Tuesday, February 22, 2011

$100 A Week--Cheating on a budget

I was scraping the last of the hazelnut butter from the jar, when the first thoughts of cheating on my food budget appeared. Oh right, a budget is so easy until it cramps your style. Anyway, I suddenly wanted almond butter, and not the kind you buy easily on $100-a-week budget. (I'm not sure there is good almond butter available for the tightwad cook, and that's the problem--I'm not a natural born tightwad; I'm shoehorning my fancy tastes into a smaller budget.) I never realized I was such a food snob until I started this budget.

What would it matter just to order a box like this? a little voice echoed in my head.

The more I imagined the flavors, the more I wanted almond butter--so creamy and fresh when spread on an apple slice. But thoughts of cheating on my so-called food budget made me remember my sour disappointment in Animal, Vegetable, Miracle by Barbara Kingsolver when I read that they kept "emergency rations of mac and cheese," and never gave up coffee in their so-called year of eating only from the local food basket.

Kingsolver had referred to the 100-Mile Diet couple as "purists." But I was also disappointed when I discovered the 100-Mile Diet couple ate processed food from the industrial food chain whenever they traveled. On their TV show on the Green Planet, they renamed this the Randy Rule. Go out of town and what you eat doesn't count. I wonder if most Americans (oh and Canadians, maybe the whole world) are just into denial.

"The first and worst fraud is to cheat oneself. All sin is easy after that," said Pearl Bailey, an American singer and actress from the 1950s. So if I cheat on a food budget, who really cares besides me and my savings account?

I finally decided if I wanted the almond butter, I'd have to use money from my "dream box" and buy less blueberries this summer. Almost as soon I'd resigned myself to counting change and doing with less in the future, I spotted a familiar jar on the back shelf of the refrigerator. The label was turned away from me, but as I reached for it, I realized it was a full jar of my favorite Massa Organics almond butter.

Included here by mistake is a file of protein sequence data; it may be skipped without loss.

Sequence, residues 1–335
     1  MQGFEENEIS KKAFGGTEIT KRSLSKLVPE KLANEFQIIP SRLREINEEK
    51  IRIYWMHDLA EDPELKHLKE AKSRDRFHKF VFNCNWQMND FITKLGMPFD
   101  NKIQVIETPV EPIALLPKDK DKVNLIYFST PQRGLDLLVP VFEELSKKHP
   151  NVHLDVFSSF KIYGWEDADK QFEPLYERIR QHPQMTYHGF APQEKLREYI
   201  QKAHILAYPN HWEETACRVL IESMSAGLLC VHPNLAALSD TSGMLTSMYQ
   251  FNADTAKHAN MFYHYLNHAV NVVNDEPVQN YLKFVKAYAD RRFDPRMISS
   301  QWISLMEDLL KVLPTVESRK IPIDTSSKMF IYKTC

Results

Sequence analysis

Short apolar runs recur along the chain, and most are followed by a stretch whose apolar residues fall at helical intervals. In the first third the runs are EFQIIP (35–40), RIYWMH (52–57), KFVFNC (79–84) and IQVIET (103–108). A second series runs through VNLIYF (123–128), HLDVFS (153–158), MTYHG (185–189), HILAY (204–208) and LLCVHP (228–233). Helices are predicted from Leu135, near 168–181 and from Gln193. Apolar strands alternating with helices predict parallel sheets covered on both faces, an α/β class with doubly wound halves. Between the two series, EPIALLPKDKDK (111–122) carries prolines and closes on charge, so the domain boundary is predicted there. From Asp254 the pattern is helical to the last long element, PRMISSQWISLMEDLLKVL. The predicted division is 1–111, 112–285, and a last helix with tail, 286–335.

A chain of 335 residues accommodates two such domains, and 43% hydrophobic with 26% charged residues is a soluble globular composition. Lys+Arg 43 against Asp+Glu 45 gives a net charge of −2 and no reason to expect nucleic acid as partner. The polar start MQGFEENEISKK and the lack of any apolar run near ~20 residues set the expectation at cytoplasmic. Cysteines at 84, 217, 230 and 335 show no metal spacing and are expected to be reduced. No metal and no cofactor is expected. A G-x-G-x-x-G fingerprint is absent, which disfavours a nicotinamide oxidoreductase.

Happy days! No cheating or robbing the blueberry fund for me, not yet anyway, but I'll tell you this, if I go off the budget, I'm going to call it what it is--cheating the food budget. And I'm not keeping emergency rations of mac and cheese on hand any time soon. We're so lucky in this country to have a back-up food system and all the justification we want for our food preferences.

What about you? What's your weakness?


2 comments:

Mallory said...

I really understand what you are going through! I too live in Washington and have committed to only buying local, fresh/seasonal food for myself (I have to buy processed food for my dad or he won't eat)--but I only have $70 a week in my budget!

It is very interesting because my dad is twice my size and eats twice as much, but I only have to spend $20 a week to stuff him, where $50 spent on real food for myself buys little more than produce and dried beans. I make everything from scratch, including yogurt and bread, and NEVER eat out, but I still barely make my budget. It is so wrong that a person can eat junk affordably, but if they want to be healthy and responsible, they have to pay a small fortune to eat like a bird.

I'm with you on the almond butter! Nuts in general are a splurge I have to save up for, as is real maple syrup, heirloom tomatoes, good olive oil, and local cheese.

ddzeller said...

Wow $70 a week sounds so tough to do when you want to focus on healthy foods. Lots of stir-fries I'm guessing since that's what one friend told me he and his wife eat all the time. You comment gives me inspiration to continue, thanks.